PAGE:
Please indulge me for a moment. Stop multi-tasking, take a deep breath and deep dive for a few minutes in search of your “why.” Remember when you first dared to start your entrepreneurial journey? Behind all your doubts, fears, and worries was probably a deep-seated purpose or core belief driving your actions, yes? Do you have it? Good. Now ask yourself, what is the purpose of “business” in general? Does the concept of “doing business” look the same now as it did 50 years ago? Is American Capitalism, as a system of trade and industry by owners for the purpose of profit, sustainable long term?

Ok, enough with all the questions. I ask these pointed questions to open your neural pathways to receive new information – a new perspective. This January, I was fortunate enough to participate in a month-long Startup Bootcamp focused on helping socially conscious entrepreneurs build sustainable businesses. Created and executed by the Torrey Project, a global non-profit dedicated to transforming business for good, I was connected with other socially conscious leaders and introduced to the concept of stakeholder capitalism.

So how are stakeholder capitalism and the ideology of purpose over profits changing the business landscape…let’s start with a simple explanation and definition…

What is Stakeholder Capitalism?

According to Stakeholder Theory, this form of capitalism is hyper-focused on the relationship between a business and ALL of its stakeholders. Stakeholder capitalism is about creating value for not only your shareholders but employees, suppliers, investors, communities – everyone who could potentially be impacted by your business. Now, I know some of what I just said seems like a total 180 from the traditional business enterprise and wall street model. Well…it is!

In 1984, R. Edward Freeman, said to be the Father and Founder of Stakeholder Capitalism started a conversation about bringing morality and personal values into the workplace and aligning them with business purpose. Even today, this is a highly controversial position, with disagreements on both sides of the argument. In my opinion, business is evolving to catch up with the global workforce trend of discovering a purpose behind profits. Although a healthy salary is important, I believe it’s only a small piece of a much larger pie that motivates employees and drives positive change in the global economy.

Values-Based Decision Making

Think about the impact your business has on ALL stakeholders, not just your shareholders or people profiting from your product or service. I have personally done a lot of soul searching surrounding this question for my business. Although I concluded that it’s impossible to make all my stakeholders happy all the time, I believe I can try every day to consider how my actions will affect everyone involved. That said, it only makes sense that who I am as a person, my beliefs and values should be the driving force behind how I do business.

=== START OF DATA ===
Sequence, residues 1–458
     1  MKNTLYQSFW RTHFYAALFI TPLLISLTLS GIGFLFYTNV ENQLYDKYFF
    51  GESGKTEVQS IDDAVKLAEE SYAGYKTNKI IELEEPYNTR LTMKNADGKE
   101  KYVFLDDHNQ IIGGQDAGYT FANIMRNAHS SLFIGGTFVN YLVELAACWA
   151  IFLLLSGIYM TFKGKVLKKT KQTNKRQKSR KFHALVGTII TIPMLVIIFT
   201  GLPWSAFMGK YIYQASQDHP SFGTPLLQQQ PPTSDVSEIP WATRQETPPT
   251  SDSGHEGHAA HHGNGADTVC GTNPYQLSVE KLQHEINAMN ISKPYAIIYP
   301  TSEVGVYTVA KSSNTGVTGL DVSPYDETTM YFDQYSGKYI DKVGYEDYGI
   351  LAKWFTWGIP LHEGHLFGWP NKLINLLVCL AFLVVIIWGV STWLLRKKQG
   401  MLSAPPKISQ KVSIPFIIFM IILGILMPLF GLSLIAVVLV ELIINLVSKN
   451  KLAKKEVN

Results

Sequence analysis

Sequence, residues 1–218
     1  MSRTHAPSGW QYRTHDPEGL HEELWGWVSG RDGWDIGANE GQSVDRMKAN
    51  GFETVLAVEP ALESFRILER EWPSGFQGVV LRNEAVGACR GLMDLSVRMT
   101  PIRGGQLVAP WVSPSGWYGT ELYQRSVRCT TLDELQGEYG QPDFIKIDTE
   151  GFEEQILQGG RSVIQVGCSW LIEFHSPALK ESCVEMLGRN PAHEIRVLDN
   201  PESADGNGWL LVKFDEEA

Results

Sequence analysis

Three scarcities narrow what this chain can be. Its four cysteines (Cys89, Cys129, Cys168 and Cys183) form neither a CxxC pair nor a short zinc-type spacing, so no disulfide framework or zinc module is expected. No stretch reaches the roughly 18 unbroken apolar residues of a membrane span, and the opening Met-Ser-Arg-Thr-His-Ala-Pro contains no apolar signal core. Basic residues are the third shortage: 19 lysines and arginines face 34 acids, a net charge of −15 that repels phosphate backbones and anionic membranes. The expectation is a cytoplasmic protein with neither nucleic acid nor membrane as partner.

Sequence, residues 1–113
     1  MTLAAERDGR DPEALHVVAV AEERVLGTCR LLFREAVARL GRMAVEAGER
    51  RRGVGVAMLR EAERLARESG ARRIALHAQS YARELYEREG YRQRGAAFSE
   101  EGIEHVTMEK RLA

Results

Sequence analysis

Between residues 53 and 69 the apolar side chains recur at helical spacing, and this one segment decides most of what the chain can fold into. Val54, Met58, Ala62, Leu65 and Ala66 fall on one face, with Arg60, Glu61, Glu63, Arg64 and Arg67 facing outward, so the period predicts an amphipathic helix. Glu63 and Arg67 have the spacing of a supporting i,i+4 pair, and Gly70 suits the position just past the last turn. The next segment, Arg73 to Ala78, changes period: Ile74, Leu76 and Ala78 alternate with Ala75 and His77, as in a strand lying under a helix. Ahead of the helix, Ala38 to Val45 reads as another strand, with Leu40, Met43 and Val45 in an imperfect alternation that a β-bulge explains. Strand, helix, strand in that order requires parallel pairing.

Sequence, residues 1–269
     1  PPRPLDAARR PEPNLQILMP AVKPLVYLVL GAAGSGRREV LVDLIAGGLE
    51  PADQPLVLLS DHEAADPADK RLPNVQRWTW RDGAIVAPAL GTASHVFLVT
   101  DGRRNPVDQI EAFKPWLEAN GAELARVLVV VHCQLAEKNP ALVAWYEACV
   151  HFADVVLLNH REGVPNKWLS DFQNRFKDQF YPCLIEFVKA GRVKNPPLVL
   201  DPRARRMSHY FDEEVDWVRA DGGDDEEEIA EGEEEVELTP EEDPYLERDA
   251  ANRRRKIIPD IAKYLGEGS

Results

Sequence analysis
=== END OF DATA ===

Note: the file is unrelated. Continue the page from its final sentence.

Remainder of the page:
In my experience, the younger generation of entrepreneurs and startup companies are exploring the idea of aligning their personal values and beliefs into company culture, mission, and vision. I am guessing you started your business with the intent of helping someone or doing something to help serve others in some way? Personal values and beliefs are a powerful motivator and can help you make tough business decisions. Why not make it easy on yourself and bring some of your personal values into decision making for your business? In a way, you can help make business better and transform the way business is done by acting in accordance with your higher morality and core beliefs.

The Benefit Corporation

Current research shows that going into business for the good and benefit of all stakeholders not just shareholders as a long-term approach, has a good probability of future success in the business world. The difference between a benefit corporation and a traditional corporation has to do with fiduciary responsibility. Instead of believing that the only fiduciary responsibility that a company has is to make money for its shareholders, a benefit corporation believes that it has a responsibility to take care of ALL its stakeholders. In my opinion, these companies hold the power to change the world and business for the better. Thinking long term, they look to act in a way that creates a balanced return for all stakeholders, including their local communities and the environment.

A few well-known benefit corporations such as Patagonia and New Belgium have taken it one step further and made a public declaration of their core values and beliefs by becoming Certified B Corporations through B Labs. Certified B Corps must go through a rigorous checks and balances process and make promises and agreements to do good for everyone they serve including employees, shareholders, investors, and the environment. The global discussion continues regarding the long term feasibility of benefit corporations, and if transforming business for the greater good can and will be adopted as the norm.


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